It was a 30-hour roller coaster ride for thousands of Oahu private school students, parents, teachers and administrators this week as they tried to figure out how Mayor Kirk Caldwell’s latest “Stay At Home / Work From Home” emergency order was going to affect them.
The “ride” began early afternoon Tuesday when Caldwell announced that Oahu private schools would need to go completely to distance learning under the COVID-19-related order and ended Wednesday evening when Phil Bossert, executive director for the Hawaii Association of Independent Schools, sent an email to the heads of more than 100 schools informing them Gov. David Ige had issued a press release that essentially exempted them from Caldwell’s planned restriction.
“It’s been a wild ride,” Bossert said Wednesday night, as he let out a nervous, yet relieved chuckle. “Most of our schools had spent the whole day planning for distance learning and now they have to call all the parents and say ‘Hey, it’s not going to be distance learning, you can send your kids to school.’”
While the largest Oahu private schools, including Punahou School, Kamehameha Schools, Mid-Pacific Institute and ‘Iolani School, already had made the decision to proceed with distance learning, most of the roughly 100 other independent institutions were planning to hold at least some of their classes on campus, Bossert said.
(Nearly all Department of Education public schools have been operating under distance learning with some exceptions since the school year began earlier this month.)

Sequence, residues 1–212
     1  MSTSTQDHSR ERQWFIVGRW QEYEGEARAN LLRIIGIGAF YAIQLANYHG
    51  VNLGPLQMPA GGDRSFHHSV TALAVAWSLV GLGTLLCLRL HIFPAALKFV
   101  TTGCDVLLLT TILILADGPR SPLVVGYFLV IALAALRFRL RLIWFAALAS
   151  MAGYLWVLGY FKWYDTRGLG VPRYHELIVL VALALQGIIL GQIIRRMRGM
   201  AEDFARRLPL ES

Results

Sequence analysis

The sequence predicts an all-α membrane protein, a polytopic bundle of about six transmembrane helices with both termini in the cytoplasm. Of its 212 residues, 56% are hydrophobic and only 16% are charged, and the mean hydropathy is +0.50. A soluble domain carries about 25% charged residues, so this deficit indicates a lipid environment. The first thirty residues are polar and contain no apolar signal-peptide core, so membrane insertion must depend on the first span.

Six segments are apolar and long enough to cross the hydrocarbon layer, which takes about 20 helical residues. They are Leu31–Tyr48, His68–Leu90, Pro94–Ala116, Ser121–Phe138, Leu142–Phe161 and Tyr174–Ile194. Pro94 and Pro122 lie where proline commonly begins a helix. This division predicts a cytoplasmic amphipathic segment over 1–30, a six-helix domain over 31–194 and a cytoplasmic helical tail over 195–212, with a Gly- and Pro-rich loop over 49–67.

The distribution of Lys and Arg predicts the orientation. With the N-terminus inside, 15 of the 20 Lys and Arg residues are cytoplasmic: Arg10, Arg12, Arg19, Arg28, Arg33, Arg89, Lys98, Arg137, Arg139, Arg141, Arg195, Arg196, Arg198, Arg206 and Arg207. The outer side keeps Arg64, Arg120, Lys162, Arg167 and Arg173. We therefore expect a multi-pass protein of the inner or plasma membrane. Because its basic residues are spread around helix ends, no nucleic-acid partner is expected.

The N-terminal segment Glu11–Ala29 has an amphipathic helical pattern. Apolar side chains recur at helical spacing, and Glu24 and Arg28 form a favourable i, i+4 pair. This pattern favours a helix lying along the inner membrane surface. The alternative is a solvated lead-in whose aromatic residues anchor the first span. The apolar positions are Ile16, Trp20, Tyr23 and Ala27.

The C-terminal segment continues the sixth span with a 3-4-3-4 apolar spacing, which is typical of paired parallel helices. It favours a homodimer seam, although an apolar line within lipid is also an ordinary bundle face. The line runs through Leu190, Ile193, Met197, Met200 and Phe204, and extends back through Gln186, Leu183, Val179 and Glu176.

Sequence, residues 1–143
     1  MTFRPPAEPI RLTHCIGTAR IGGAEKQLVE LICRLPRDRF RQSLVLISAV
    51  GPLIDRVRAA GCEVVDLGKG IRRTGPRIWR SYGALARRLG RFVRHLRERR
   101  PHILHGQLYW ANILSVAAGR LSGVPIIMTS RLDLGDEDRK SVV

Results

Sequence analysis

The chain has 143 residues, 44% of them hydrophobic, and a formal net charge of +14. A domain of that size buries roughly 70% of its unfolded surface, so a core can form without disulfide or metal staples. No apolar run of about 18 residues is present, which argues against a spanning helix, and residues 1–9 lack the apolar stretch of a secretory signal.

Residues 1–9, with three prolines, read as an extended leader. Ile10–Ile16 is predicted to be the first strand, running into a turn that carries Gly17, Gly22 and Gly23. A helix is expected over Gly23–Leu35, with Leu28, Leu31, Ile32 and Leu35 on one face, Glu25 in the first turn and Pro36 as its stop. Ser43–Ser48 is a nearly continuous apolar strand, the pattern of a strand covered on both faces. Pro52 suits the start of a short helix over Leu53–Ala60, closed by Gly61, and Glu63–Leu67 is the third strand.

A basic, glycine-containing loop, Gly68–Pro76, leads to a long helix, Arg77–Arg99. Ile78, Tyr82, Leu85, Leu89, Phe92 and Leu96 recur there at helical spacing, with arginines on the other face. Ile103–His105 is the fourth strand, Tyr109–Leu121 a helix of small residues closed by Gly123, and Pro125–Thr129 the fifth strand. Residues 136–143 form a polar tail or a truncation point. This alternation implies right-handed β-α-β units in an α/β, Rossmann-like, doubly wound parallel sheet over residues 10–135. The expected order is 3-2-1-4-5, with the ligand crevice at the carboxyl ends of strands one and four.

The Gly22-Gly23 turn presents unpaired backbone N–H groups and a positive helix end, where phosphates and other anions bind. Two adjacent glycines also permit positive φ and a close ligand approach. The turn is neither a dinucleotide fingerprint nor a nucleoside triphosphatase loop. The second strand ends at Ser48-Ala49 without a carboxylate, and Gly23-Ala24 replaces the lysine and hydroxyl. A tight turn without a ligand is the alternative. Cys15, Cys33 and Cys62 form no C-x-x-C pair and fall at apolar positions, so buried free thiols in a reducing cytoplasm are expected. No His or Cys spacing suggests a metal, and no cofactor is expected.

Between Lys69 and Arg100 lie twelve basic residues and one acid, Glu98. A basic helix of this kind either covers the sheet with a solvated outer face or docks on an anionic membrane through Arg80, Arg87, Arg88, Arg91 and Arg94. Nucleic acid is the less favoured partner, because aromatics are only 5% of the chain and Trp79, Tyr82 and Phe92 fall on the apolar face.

Caldwell said that his proposal required only private schools to conduct distance learning because Ige had been adamant that public schools be allowed to stay open as needed. But Ige, who has final authority on any COVID-19-related county proclamations and orders, stated in his late Wednesday press release that all schools are allowed to be open to in-house learning provided they follow safety guidelines and implement distance learning “to the greatest extent possible.”
The plight of the Oahu private school community over the last two days underscores the anxiety, uncertainty and confusion triggered by an order that affects practically every resident of the island, can mean life or death, could result in the possibly permanent shutdown of businesses and was hastily packed together into 16 pages.
While the order was announced shortly after noon Tuesday, the actual document was not made public until midmorning Wednesday and came with the caveat that it had not yet been signed by the governor. It was not until shortly after 3 p.m., with less than nine hours before taking effect, that the state and city administrations separately released a copy (808ne.ws/Oahuorder) signed by Ige.
Oahu real estate companies are still uncertain about what they’re allowed to do. But the Honolulu Board of Realtors met until late Wednesday going through the fine details of the order to determine what instruction to give to its members.